HMRC tax take skyrockets with impact of frozen thresholds laid bare

by | Feb 21, 2023

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Today’s announcement of the latest HMRC tax receipts and National Insurance contributions statistics has shown a considerable boost to the Government’s coffers following a surprise surplus in its finances in January. No doubt this will be welcome news for Chancellor Jeremy Hunt, especially ahead of next month’s Budget.

Commenting on the latest tax statistics,  Rachael Griffin, tax and financial planning expert at Quilter said:

“This morning’s HMRC figures highlight just how lucrative the government’s freeze on tax allowances and thresholds is likely to be.


“Given the ongoing cost of living crisis, many people have now received increases in pay and some will have been pushed into the next Income Tax band as a result. This is exactly what the government had been banking on when the Chancellor confirmed the freeze on Income Tax thresholds during his Autumn Statement – thanks to fiscal drag, as more people move up the Income Tax bands while thresholds remain unchanged, the healthier government coffers will become.

“With the Spring Budget fast approaching, the Chancellor will be pleased that the changes he announced during his last statement are already having the desired effect – particularly as the reduction of the additional rate of income tax threshold is yet to come into play.

“Receipts from Income Tax and National Insurance payments from April 2022 to January 2023 reached £368.5 billion– a huge increase of £44.9 billion compared to the same period a year earlier.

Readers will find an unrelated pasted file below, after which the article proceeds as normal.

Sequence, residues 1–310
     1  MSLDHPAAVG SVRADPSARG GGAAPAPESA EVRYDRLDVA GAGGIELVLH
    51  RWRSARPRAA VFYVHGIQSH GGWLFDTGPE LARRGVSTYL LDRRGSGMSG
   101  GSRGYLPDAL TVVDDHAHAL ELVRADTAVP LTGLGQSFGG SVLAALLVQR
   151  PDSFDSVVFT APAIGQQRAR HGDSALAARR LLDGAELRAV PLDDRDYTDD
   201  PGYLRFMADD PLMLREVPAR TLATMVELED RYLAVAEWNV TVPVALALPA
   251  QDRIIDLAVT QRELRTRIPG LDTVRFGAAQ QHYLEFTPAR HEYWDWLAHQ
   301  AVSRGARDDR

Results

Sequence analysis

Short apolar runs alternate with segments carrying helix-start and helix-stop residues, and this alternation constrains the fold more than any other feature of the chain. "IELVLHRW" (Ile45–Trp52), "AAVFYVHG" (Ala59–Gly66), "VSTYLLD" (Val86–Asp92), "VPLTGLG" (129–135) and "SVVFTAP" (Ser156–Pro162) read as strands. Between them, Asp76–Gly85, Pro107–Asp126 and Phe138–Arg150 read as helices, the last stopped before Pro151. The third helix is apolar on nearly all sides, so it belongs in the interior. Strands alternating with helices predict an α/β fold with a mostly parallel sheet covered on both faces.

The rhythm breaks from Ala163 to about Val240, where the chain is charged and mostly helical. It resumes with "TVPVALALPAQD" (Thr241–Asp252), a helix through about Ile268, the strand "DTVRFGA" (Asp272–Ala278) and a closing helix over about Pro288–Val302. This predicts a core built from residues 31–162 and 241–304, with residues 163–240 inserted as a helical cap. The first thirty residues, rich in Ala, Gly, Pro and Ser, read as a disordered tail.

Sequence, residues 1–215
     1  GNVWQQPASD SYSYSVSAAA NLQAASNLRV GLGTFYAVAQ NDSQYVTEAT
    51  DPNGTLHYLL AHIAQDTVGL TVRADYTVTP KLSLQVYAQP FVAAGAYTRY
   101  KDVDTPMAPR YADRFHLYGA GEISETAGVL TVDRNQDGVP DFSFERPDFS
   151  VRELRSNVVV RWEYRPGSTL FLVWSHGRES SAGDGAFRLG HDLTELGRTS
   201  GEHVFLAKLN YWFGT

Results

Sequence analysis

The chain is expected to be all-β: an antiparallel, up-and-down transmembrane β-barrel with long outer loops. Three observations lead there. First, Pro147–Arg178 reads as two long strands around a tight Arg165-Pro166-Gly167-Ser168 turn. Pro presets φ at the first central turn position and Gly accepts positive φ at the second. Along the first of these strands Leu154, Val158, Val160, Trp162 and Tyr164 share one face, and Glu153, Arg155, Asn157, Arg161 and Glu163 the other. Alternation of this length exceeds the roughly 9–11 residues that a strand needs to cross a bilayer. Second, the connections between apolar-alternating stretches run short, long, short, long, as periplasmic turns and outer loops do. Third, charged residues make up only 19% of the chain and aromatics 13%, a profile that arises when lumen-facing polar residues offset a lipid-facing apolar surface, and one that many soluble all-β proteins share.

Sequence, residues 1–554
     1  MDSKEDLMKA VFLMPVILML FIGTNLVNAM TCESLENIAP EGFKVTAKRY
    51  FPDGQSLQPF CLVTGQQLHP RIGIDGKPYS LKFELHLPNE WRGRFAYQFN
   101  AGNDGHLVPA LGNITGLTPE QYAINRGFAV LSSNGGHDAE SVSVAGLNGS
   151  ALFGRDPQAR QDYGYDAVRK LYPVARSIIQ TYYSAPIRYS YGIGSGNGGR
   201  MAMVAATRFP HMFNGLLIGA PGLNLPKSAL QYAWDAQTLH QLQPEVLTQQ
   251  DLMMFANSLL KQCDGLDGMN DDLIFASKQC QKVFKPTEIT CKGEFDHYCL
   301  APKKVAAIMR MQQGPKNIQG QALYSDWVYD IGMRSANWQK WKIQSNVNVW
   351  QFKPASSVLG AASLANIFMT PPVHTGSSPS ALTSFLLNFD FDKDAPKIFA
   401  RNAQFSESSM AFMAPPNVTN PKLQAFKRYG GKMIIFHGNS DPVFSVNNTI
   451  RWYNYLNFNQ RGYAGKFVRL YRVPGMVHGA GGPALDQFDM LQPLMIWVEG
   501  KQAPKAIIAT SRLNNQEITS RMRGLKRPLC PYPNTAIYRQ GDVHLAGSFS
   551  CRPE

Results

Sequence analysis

“With inflation still in double digits, it is likely that wages will rise further and this upward trend in government tax take will continue due to the static thresholds. A recent FOI submitted by us found that HMRC forecasts 1,130,000 more people will pay higher rate tax and 301,000 more people will become additional rate taxpayers by the end of the threshold freeze.

“Inheritance Tax (IHT) is also proving increasingly lucrative for the government, and this too will only grow as the freeze continues. IHT receipts from April 2022 to January 2023 reached £5.9 billion, up £0.9 billion in comparison to the same period a year earlier.

“Inheritance tax has historically been considered a tax for only the very wealthy, but the current freeze coupled with inflated house prices has seen far more people caught by the net. Even those who may not consider themselves wealthy could now end up paying Inheritance Tax as their property value has grown so much.


“Given so many more people could now face an unwelcome IHT bill, seeking professional financial advice where possible will be even more important. IHT can be complex, particularly when it comes to the rules and restrictions of certain aspects such as the Residence Nil Rate Band, so professional support can help take the pressure off while also helping to mitigate costs through careful financial planning.”

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